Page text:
Another good book by Galang. I read her first book "Wild American Self" short stories. As a fellow Filipina American, born in the U.S., of immigrant parents.....when I read a book about the immigrant experience, it feels both good and bad. Good, because I'm reading stories of people I know....rebellious daughters, hard working parents, Asian American kids who want to be artists, who want to do something new.....and it also feels bad because so much of these stories are filled with pain, financial hardship, communication difficulties, confusion, frustration, anger, homesickness.

This was another great book by an Asian American writer. Filipino American female writers and readers have another great book to read!
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1 of 1 people found the following review helpful By Crystal on June 6, 2014
Format: Paperback Verified Purchase
Within just a few pages I suspected that this was a book that would challenge me and make me work – make me think. Prior to reading this book I had very little knowledge about the history of the Philippines and the novel covers a lot of historical territory. The bigger issue initially though was language. The majority of the text is in English, but Galang’s characters code switch between English and Tagalog and there are no italics to be found. Yes, the meaning was often clear through context, but it was challenging to read with that bit of uncertainty. Looking to the back of the book, I found that there was no glossary, but there was a rather thorough explanation for that choice “In Context (Or, Why There is No Glossary)”[...]-... I’ve read articles about authors using or not using italics and including or omitting glossaries and she makes a very strong case for writing in this style. The reader who doesn’t know Tagalog may choose to use the Internet and find the definitions or just fall into the story and go with the flow. I really wanted to know what all of the words meant, but a conversation between Angel and her father convinced me to skip the definitions. He was explaining about how to listen to the blues, “The trick, Angel, is not to think. Just feel it.”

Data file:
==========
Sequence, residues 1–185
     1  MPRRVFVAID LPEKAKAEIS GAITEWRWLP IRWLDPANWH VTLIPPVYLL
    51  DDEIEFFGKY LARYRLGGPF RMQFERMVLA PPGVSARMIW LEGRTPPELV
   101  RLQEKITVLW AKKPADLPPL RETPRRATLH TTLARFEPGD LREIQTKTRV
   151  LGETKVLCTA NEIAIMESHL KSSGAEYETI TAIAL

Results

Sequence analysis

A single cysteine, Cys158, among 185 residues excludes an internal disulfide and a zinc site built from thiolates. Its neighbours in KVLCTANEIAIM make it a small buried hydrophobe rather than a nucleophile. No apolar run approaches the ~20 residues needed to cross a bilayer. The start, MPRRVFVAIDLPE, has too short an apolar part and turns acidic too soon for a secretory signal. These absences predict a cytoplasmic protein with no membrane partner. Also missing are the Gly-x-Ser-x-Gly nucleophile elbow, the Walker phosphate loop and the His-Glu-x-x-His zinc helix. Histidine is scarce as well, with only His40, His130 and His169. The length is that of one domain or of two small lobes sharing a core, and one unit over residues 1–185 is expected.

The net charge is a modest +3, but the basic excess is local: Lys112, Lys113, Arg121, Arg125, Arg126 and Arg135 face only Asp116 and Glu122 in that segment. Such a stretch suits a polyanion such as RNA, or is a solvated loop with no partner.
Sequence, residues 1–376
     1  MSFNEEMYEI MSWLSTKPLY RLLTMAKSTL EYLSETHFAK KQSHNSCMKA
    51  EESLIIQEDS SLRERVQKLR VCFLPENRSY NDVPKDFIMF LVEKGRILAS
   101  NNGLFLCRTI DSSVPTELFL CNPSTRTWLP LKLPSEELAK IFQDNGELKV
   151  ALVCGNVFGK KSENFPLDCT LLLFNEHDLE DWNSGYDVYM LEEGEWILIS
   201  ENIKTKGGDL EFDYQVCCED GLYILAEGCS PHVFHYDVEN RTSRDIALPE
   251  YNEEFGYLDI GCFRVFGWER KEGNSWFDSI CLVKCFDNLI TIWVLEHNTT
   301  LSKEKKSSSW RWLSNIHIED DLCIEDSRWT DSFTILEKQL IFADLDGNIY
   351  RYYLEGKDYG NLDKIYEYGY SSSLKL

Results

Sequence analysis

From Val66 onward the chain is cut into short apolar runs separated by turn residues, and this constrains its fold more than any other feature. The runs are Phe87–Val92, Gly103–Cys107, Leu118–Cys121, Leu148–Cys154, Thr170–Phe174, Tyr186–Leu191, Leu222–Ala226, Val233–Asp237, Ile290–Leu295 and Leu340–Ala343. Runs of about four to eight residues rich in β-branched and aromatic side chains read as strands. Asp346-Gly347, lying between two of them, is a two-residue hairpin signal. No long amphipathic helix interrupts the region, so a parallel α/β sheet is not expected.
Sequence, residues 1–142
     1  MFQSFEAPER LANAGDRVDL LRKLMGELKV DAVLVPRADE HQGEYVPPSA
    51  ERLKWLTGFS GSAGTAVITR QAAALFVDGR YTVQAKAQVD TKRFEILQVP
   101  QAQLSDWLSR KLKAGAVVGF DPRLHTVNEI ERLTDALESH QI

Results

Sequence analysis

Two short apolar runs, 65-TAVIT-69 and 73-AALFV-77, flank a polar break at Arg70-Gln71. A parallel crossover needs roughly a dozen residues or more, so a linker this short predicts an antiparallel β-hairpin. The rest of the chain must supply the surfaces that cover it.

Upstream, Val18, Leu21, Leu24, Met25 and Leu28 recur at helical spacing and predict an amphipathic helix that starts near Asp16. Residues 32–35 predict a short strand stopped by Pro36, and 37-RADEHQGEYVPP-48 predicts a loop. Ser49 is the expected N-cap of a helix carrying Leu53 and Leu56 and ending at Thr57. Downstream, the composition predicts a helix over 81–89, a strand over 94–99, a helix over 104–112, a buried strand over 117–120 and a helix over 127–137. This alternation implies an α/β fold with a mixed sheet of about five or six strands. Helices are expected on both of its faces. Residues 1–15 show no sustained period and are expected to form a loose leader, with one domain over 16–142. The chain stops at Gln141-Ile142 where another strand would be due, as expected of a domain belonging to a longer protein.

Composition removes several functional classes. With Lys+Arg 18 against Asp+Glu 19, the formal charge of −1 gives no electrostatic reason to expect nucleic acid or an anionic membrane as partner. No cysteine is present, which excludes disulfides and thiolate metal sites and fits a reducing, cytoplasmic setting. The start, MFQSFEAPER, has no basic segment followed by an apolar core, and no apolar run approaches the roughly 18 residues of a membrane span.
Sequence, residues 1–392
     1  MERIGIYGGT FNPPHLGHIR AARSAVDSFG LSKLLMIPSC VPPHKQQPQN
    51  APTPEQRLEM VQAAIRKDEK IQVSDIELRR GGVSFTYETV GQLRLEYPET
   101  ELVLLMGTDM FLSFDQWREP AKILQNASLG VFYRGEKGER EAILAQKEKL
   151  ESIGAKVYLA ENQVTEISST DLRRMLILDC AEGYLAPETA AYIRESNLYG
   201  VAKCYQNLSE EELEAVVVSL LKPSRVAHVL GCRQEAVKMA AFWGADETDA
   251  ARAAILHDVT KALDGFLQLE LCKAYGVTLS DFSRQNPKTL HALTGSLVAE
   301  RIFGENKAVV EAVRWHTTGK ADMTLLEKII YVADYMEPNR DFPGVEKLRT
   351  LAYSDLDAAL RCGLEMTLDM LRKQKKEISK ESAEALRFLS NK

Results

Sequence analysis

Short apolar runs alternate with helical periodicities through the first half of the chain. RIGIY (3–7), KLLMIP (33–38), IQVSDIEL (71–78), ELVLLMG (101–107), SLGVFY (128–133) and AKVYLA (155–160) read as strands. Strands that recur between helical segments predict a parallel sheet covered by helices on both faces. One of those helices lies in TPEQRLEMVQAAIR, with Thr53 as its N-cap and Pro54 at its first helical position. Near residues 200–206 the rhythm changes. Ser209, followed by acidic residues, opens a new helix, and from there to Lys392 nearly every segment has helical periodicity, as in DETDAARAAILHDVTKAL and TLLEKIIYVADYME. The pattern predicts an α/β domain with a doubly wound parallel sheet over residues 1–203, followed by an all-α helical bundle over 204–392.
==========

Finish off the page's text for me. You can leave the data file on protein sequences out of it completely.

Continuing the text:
There is plenty to feel in this story. Angel and her family are dealing with the unexpected loss of her father. In the aftermath, her mother pulls away from the family and adds one more loss. The book moves on to other issues though as Angel becomes increasingly involved with politics. She protests the corruption in the government in an effort to overturn the presidency. This section of the book was a little harder for me to follow.
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I am only in the third chapter, but I found myself sobbing last night out of joy, relief, sorrow and simply being moved by Evelina's words and storytelling. I felt I was mourning with the family in the book, mourning my young self and how I always felt like I was stupid and a slow reader compared to American children. Being an immigrant, writing and reading has been a challenge for me though I consider myself a writer and artist now. This book in just a few chapters already captures the memory and understanding I lost after leaving the Philippines, it connects me to a motherland I can't currently return to while undocumented, it perfectly captures the religious and folklore practices and beliefs in our culture and the use of Tagalog are all woven carefully and thoughtfully in a way that moves the reader, especially if they are Filipin@ and speak Tagalog. I feel extremely nostalgic for a home I don't even remember, but am living vicariously through Evelina's writing.